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Colon Cancer

Colon Cancer: You're Never Too Young 

After Alyson's mom died of colon cancer, it was a race against the clock for she and her siblings to get screened. But she was only in her 30s. Would she need to be concerned?

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Sniffing Out Colon Cancer

 

It’s time for me to schedule my next colonoscopy. Five years ago my doctor reported that my colon was beautiful. Yes, those were her exact words. “Your colon is beautiful.”

I was so proud.


Recently I read about a new study citing the ability of dogs to detect colon cancer. It seems that a Japanese researcher has trained a Labrador Retriever to sniff out early signs of colorectal cancer in breath and stool samples. The results were published in an online medical journal called GUT.


The reported study suggests that cancer cells give off odors that circulate in the body and, because a canine’s sense of smell is so sensitive, a dog can be trained to detect early and advanced stage malignancies. If dogs can be trained to sniff out drugs packed in airplane-bound luggage, it might not be so farfetched to assume they could be trained to sniff out cancer. But a few questions come to mind:

  • Are there cancer specific scents or do all cancers smell alike?
  • How accurate are the dog’s diagnoses and can they be trained to sniff out specific cancers?
  • Will Labrador Retrievers soon be in great demand and will only the rich be able to afford them in the future?
  • Can my puggle be trained to sniff out cancers and can his diagnosis be as accurate as my sons’ Labrador Retriever?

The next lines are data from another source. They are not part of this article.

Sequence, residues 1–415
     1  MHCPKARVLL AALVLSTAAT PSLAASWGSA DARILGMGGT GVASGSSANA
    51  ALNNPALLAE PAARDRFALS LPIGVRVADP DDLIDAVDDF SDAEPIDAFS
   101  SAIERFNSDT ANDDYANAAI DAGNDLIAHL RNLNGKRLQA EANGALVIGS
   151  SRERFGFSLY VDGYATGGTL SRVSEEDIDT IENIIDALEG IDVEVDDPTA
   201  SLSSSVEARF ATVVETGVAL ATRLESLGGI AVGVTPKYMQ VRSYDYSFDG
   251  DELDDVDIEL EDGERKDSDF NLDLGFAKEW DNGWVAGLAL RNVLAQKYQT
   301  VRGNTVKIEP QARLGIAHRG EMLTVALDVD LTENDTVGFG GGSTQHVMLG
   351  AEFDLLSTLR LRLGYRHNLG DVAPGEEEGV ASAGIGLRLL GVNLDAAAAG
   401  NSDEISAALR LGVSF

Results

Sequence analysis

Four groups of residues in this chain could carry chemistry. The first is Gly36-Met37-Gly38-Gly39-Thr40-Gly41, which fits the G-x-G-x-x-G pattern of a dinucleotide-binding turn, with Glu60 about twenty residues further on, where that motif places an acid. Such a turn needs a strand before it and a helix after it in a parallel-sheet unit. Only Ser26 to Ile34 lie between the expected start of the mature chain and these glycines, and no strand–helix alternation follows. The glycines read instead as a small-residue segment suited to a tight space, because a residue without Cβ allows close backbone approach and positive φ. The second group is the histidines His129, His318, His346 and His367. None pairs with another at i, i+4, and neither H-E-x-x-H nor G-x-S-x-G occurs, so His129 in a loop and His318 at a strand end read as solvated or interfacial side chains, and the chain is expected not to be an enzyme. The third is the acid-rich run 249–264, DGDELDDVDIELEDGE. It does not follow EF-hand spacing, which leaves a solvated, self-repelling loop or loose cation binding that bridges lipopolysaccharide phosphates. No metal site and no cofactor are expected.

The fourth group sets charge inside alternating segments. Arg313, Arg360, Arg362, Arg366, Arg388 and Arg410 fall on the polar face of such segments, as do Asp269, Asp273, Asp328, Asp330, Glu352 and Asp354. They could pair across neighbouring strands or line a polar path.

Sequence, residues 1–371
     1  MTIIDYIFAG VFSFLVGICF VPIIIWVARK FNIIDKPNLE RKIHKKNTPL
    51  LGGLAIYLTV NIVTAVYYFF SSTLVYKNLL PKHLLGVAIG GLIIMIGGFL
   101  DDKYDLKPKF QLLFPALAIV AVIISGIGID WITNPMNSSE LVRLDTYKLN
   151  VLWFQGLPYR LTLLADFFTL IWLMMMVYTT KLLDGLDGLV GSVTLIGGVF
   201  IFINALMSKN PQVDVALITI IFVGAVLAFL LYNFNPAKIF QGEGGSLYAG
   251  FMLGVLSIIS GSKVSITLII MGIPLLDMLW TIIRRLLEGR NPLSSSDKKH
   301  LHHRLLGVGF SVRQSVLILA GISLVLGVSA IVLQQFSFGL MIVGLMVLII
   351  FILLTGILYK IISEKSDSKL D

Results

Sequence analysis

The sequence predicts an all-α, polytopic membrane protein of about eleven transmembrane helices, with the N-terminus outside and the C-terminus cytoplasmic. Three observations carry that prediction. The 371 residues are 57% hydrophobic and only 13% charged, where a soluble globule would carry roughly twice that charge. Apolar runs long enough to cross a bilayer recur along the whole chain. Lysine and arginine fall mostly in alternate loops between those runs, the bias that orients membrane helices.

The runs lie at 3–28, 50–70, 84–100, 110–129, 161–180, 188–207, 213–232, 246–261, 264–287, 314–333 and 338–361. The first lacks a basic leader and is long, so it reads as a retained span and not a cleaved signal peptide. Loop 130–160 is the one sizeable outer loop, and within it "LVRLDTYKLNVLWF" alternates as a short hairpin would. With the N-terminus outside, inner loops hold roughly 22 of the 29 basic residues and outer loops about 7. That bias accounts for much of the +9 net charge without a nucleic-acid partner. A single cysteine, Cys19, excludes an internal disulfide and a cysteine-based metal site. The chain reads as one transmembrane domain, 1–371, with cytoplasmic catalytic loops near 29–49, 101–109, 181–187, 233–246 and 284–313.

• What happens when a lab and a bloodhound mate and produce a super scent sensitive dog?

While deodorants, perfumes and bath oils have been used to mask body odors throughout human history, certain maladies are known to bring changes in body odors. Sweet-smelling body odors can be related to diabetes. A foul smell is associated with infections. Cancer tumors are also known to bring about changes in body odors.


Scientists are researching new technologies to mirror canines’ detection abilities. In the future, it is likely that there will be milder, kinder and less invasive ways to detect colon cancer, replacing the colonoscopy. But since that is a future vision, for now we will have to drink those awful prep solutions and schedule our scopes every five years.


I am looking at my dog now with a new sense of respect. And I am not so quick to shoo him away when he starts sniffing the laundry. Maybe he knows more about healthy living than I give him credit for.


Susanne Katz is the author of “A Woman’s Guide to Managing a Mid-Life Divorce,” and an arts and living columnist for Atlanta Jewish News.com. She is also a regular on ShareWIK.com.

More Susanne Katz here.


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